The new rules include stricter punishment for desertion and refusal to fight during martial law. They also identify looting and “voluntary surrender” as separate crimes punishable by 15 and 10 years in prison, respective­ly.

The second major initiative is for the referendum­s in eastern and southern Ukraine run by pro-kremlin puppet regimes. With Kyiv reclaiming territory at a rapid rate, the act of making the occupied land formally part of Russia will cause alarm in the West.

The Kremlin last month scrapped similar votes in Donetsk, Luhansk and Kherson as Ukraine reclaimed vast tracts of land. But there is a renewed urgency to ensure the votes go ahead.

Dmitry Medvedev, Russia’s former president, who has emerged as a cheerleade­r for the war effort, said Moscow should go ahead with the annexation to present the world with a new reality that no future leader can change.

“The geopolitic­al transforma­tion in the world will be irreversib­le once the referendum­s are held and the new territorie­s join Russia,” he said.

The move comes with a chilling warning that Moscow will use “all means” to defend itself. The two measures together, said Tatiana Stanovaya, a political analyst, amount to “an absolutely unequivoca­l ultimatum to Ukraine and the West: either Ukraine retreats, or it is nuclear war”.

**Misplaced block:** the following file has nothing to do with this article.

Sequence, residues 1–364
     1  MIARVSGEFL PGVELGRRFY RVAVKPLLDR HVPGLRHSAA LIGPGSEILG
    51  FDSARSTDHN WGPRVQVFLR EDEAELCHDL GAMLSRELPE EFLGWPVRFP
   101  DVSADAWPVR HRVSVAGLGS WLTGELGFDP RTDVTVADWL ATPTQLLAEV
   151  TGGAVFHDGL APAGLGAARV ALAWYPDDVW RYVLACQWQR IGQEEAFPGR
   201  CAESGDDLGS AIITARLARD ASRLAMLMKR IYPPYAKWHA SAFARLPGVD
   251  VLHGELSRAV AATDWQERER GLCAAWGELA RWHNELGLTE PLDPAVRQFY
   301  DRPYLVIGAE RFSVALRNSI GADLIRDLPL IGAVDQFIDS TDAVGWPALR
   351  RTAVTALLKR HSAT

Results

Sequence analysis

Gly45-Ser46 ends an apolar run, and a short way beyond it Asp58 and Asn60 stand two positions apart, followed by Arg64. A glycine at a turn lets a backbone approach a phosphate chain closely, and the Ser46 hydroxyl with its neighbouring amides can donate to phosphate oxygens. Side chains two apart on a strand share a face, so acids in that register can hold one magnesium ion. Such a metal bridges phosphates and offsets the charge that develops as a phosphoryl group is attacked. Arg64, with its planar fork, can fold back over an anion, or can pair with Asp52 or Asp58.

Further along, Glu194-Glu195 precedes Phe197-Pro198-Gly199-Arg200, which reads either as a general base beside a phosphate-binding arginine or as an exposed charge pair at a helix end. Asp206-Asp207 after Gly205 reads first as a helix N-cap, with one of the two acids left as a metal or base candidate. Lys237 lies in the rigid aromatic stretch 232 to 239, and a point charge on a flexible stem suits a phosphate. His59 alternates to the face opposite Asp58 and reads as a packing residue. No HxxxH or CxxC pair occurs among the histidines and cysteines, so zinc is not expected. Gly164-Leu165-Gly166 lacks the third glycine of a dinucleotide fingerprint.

The nuclear sabre has been rattled before in this conflict, especially on Russian state television – and setting out a path to escalation as a threat is a long way from carrying it out. Ms Stanovaya argued the announceme­nts were a way to get the enemy’s attention. Mr Putin, she says, wants Kyiv to give up.

Sir Lawrence Freedman, emeritus professor of war studies at King’s College London, is not convinced the threat of a nuclear strike will deter the West from backing Ukraine. “The prospect of nuclear use might engender panic in Ukraine and Nato,” he posted on Twitter. “It is also hard to imagine that the news would be greeted calmly in Russia. It could intensify opposition in Moscow to Putin. He would need a compliant chain of command.”

It seems likely that Nato will not back down. Jens Stoltenber­g, the secretary general, said on Twitter: “Sham referendum­s have no legitimacy and do not change the nature of Russia’s war of aggression against Ukraine. This is a further escalation in Putin’s war. The internatio­nal community must condemn this blatant violation of internatio­nal law and step up support for Ukraine.”

‘It is an unequivoca­l ultimatum to Kyiv and the West: either Ukraine retreats, or it is nuclear war’

 ?? ?? Vladimir Putin, the Russian president, chairing a meeting with military and industrial leaders at the Kremlin yesterday
Vladimir Putin, the Russian president, chairing a meeting with military and industrial leaders at the Kremlin yesterday